The owners have agreed to allow two months for us to raise funds to purchase the property.
With positive results from a public meeting on March 10, a non profit is being organized and fund raising efforts have begun. The goal is $85,000 to purchase the property and get insurance.
There is a short time frame to raise this money—by mid April. This is a task, but it can be accomplished with your help!
We have posted a link for Donations on our site and ask that you not only Donate, but you share our page so other will have the opportunity to help.
Phase II-will be renovations of the building which will require lots of labor, materials, etc. and additional funds. We will need volunteers to help in this phase as well as money to make this happen. Once we own the buildings, we can apply for grants and assistance.
Our goal once we obtain these buildings and do the remodel is to develop an event center to provide educational, economic, and cultural experiences and opportunities for everyone in the area.
Please contact us with your questions and suggestions, and of course your pledges of support. firstname.lastname@example.org and visit our website www.peterstownpg.org to keep updated on our progress. Mail donations to PO Box 778 Peterstown, WV 24963
Thank you in advance for your support and donations,
For years as I drove along Route 3 from Alderson to Hinton through Talcott, I would pass the statue of John Henry located in a turn as I drove over the mountain through which men had dug the railroad tunnel, and in which the legend of John Henry was born. Recently, as I drove through the area, I noticed an empty pedestal where the statue had once been. On my way back through I stopped to see his new home at the entrance of the actual tunnel.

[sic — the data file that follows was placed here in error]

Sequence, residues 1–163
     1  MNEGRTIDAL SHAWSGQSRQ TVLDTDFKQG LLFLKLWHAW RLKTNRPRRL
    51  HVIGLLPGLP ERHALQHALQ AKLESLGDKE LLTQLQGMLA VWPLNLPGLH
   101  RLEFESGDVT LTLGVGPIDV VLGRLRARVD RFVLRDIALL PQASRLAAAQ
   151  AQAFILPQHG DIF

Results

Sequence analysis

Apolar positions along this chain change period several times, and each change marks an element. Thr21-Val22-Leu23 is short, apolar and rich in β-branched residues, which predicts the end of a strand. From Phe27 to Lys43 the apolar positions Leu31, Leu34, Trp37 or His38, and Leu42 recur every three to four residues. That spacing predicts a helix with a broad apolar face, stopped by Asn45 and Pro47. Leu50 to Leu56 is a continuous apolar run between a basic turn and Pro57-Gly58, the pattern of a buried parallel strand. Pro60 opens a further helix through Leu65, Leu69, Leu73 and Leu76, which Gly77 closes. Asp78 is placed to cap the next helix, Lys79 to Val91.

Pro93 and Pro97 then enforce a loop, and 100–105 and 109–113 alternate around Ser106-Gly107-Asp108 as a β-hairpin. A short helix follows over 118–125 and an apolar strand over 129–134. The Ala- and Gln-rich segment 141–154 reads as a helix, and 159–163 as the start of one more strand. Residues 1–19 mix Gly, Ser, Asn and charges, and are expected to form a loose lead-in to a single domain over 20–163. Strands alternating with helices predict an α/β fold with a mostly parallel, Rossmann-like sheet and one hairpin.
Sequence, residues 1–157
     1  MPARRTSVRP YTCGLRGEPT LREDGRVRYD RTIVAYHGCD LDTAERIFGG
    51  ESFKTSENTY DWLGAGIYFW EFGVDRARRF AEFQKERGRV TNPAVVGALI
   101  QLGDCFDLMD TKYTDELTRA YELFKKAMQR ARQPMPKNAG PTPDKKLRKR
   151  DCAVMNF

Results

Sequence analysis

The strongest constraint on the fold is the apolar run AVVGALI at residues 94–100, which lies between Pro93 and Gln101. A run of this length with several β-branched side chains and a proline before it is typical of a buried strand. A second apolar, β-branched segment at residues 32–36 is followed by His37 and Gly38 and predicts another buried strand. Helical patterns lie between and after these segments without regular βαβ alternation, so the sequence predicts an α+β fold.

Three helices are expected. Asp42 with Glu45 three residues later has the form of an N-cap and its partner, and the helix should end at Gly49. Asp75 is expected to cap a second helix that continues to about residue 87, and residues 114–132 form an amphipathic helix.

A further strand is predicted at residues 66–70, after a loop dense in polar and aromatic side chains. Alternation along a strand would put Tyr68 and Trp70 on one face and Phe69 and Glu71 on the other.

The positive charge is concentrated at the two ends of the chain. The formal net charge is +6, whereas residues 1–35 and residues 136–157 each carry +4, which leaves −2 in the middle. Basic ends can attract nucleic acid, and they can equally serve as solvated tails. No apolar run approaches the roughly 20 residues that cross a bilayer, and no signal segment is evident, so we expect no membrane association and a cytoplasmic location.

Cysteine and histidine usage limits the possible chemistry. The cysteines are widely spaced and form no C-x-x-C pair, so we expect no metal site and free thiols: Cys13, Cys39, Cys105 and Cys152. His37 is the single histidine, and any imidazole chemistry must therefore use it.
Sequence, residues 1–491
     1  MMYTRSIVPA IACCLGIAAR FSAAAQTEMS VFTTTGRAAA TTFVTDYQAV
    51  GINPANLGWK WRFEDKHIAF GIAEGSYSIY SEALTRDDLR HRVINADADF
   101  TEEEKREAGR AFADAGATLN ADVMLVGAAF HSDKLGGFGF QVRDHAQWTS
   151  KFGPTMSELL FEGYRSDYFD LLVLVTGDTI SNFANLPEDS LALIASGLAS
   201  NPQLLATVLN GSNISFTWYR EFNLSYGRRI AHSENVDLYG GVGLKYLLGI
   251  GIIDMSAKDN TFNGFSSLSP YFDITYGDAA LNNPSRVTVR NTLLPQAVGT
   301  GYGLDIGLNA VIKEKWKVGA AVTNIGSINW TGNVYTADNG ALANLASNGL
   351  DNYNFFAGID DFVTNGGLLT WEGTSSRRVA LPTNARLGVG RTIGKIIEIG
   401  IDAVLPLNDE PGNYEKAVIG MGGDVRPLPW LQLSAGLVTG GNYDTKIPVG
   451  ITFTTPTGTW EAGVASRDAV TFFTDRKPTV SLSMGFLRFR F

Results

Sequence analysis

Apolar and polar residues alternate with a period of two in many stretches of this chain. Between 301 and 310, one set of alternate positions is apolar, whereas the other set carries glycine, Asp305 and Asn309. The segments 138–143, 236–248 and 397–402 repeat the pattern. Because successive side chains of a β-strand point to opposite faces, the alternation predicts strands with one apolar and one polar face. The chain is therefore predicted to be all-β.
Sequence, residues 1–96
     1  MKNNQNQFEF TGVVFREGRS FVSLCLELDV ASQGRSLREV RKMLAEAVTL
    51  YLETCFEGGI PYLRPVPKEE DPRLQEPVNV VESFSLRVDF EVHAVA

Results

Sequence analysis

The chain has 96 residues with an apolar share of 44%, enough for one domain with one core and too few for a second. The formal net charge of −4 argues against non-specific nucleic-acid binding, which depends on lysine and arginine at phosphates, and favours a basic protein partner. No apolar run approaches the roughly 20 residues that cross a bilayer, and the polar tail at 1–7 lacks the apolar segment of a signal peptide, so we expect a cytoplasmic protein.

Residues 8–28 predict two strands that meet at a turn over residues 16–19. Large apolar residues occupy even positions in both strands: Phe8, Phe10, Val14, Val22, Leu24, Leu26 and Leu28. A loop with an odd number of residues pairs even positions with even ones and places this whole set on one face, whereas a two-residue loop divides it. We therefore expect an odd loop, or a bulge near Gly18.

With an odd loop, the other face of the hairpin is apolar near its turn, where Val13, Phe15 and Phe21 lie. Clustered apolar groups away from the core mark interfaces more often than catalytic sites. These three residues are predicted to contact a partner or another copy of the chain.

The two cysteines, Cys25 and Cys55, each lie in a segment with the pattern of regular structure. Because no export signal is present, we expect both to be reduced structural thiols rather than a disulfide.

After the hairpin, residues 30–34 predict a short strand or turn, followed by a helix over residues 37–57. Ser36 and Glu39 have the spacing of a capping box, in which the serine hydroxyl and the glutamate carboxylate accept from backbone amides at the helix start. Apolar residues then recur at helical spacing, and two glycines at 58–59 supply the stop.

The fun thing was that I chanced to drive along the railroad tracks just as a train was traveling by at 27 miles an hour. Yes, I raced the train and won! Which was no small feat considering the condition of the road and the many waterholes on the way to the park. Don’t get me wrong, it’s an easy drive, but not when you’re trying not to splash water on your vehicle after a recent rain.
The park was a nice one, with a picnic shelter, stage, walking trail and a small train for kids to play on. Also, it had the John Henry statue standing very near to the entrance of the tunnel where he battled a steam engine, and died. As a kid I remember reading about the legend and there are plenty of versions of the song to be found. Below is one such version. If you’d like to see more versions they can be found at the this website.